Wednesday, March 20, 2019

Monterey

Obviously it wasn't only Townshend who was mesmerized by Hendrix. Keith Altham of NME said of Brian Jones, "[He was] walking back up the stairs with tears in his eyes. I said, 'Brian, what is it?' and he replied, 'It's what he does, it chokes me' – only he put it better than that." It was on that night at the Bag O' Nails that Jimi was first converged upon by Britain's rock elite (Paul McCartney, John Lennon, Keith Richards, Mick Jagger, Pete Townshend and Eric Clapton). On a night to follow, Cream allowed Jimi to jam with them at the Regent Street Polytechnic in London. The story goes that meeting Clapton was one of the reasons Hendrix was lured to Britain. Hendrix played Howling Wolf's "Killing Floor" (which would inspire Led Zeppelin's "The Lemon Song"). Afterwards, Clapton is reported as sitting back stage nervously smoking a cigarette. He told Chas Chandler (Jimi's manager and former bassist for The Animals), "You never told me he was that fucking good."

But it was Townshend who took it to heart. Oddly, while Hendrix regularly tops polls, including Rolling Stone's, the top five historically excludes Townshend, preferring instead Page, Clapton, Richards and Jeff Beck, with Townshend relegated to the teens. Though I find issue with that, polls are absurd anyway. Interestingly guitar virtuosi like Steve Howe rarely make the list, not to mention David Gilmour, Les Paul or played-with-everyone/Wrecking Crew member, Glen Campbell. Townshend found himself on par with Hendrix (no one argues Jimi's topping the list, but many guitarists could play on that same stage) and realized that Jimi, in turn, idolized guitarists like himself and Clapton, studied their styles and created out of that a style of his own. Nonetheless, it all came to a head fifty years ago at Monterey Pop.

Monterey was organized by John Phillips of the Mamas and the Papas and The Beatles' press manager, Derek Taylor, along with Lou Adler. They pledged that the concert's profit be earmarked for charity. All agreed (with the exception of Ravi Shankar who got $3000 for his performance). The Who, who had hardly entered the American airwaves jumped at the chance to perform. Other acts on the bill of course were (long list) Country Joe And The Fish, Jefferson Airplane, Scott McKenzie (whose hit San Francisco was the festival’s and ‘the summer of love’ theme song), The Byrds, The Association, Johnny Rivers, The Animals, Simon and Garfunkel, Canned Heat, Janis Joplin (with Big Brother), Al Kooper, Quicksilver, Moby Grape, Otis Redding – on and on (with performances by those who would attend Woodstock, stellar in comparison).

The Who and Hendrix were both scheduled to play Sunday evening. By then, as many 80,000 people had passed through the gates that day (200,000 over the weekend). Backstage, the Grateful Dead's sound engineer turned chemist, Owsley Stanley, was distributing free LSD trips and Rolling Stone Brian Jones was drifting around dressed like Prince Valiant, but looking, as Keith Richards once said, "like a ghost about to leave a s̩ance." Roger Daltrey recalls Jones joining him, Janis Joplin, Mama Cass and Jimi Hendrix for a jam session back stage. "Jimi was playing Sgt. Pepper on his guitar," said Daltrey. "But, and this was the amazing thing, he was playing all the parts. He would go from a bit of orchestration, to a vocal part, to a solo Рthe whole thing on one guitar." The others stood and watched, accompanying Hendrix by beating out a rhythm on anything close to hand.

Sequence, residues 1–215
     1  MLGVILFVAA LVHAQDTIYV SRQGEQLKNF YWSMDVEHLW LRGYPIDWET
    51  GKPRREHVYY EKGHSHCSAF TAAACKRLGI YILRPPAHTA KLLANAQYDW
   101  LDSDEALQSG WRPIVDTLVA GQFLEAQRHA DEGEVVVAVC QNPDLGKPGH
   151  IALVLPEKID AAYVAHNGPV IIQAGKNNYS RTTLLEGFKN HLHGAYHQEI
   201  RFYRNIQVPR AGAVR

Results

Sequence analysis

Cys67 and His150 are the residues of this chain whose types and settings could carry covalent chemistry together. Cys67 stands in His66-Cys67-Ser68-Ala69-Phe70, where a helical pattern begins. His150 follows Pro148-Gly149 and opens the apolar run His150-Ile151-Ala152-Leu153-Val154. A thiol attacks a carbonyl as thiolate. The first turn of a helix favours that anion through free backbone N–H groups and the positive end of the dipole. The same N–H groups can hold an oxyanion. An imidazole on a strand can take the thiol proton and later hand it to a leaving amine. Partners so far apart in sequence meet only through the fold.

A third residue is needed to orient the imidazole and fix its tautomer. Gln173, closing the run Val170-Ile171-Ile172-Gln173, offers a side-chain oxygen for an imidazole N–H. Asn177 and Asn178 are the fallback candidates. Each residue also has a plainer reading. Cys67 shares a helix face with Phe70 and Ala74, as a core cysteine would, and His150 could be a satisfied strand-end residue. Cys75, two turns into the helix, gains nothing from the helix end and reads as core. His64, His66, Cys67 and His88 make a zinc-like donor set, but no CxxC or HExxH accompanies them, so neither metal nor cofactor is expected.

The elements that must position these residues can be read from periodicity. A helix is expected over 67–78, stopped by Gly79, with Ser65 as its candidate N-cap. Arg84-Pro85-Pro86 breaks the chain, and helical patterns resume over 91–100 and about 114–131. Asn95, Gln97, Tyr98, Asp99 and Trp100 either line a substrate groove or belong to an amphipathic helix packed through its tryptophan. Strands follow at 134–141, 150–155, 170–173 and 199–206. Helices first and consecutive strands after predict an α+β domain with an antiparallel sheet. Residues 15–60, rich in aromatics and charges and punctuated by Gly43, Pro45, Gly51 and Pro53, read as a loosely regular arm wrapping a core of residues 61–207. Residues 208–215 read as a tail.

Pete Townshend recalled arguing with Hendrix about who would go on first, as neither wanted to follow the other. In the end, John Phillips suggested they toss a coin. Townshend won. Eric Burdon of The Animals, introduced The Who as "a group that will destroy you completely in more ways than one." The Who crashed into "Substitute," followed by "Summertime Blues," pretty far removed from The Mamas And Papas' passive Hippie stance or anything else played that weekend.The Who tore through just six songs, "Pictures Of Lily," "A Quick One," "While He's Away," "Happy Jack," and "My Generation." Instead of peace, love and flowers, they offered masturbation, pervert train drivers, adolescent turmoil, and Pete Townshend hacking away at the stage with his guitar. Ravi Shankar watched the performance and was disgusted by "their lack of respect for their music and their instruments."


The heated animosity between the two musicians if often debated. I have presented it as a Beach Boys/Beatles rivalry, each band pushing the other onto the next level. While that feud artistically civil, many report that Townshend and Hendrix were near socking it out in Monterey. Lou Adler stated that at one point in between sets Hendrix jumped up on a table and said, "OK, you little shit, no matter what you do, I'll do something that burns you."


Brian Jones introduced Hendrix as "the most exciting guitarist I've ever heard." Having already witnessed The Who's explosive finale, Hendrix capped his set with a version of "Wild Thing," kneeling over his guitar and setting it on fire before smashing it repeatedly and tossing the remains into the crowd. Townshend watched Hendrix’s set with Mama Cass: "He started doing this stuff with his guitar," Townshend said. "She turned around to me, and said to me, 'He's stealing your act.' And I said, 'No, he's doing my act.'"
Monterey is a tough critique simply because, so much more than Woodstock, there were many pivotal performances. Janis Joplin's most emotional rendition of "Ball and Chain," Otis Redding's last concert appearance before his untimely death, The Who and Jimi. While Woodstock was all about those in attendance, about the mud and the camaraderie, Monterey was about the Music. Townshend and Hendrix pushed each other, both literally and figuratively, and rock music would never be the same.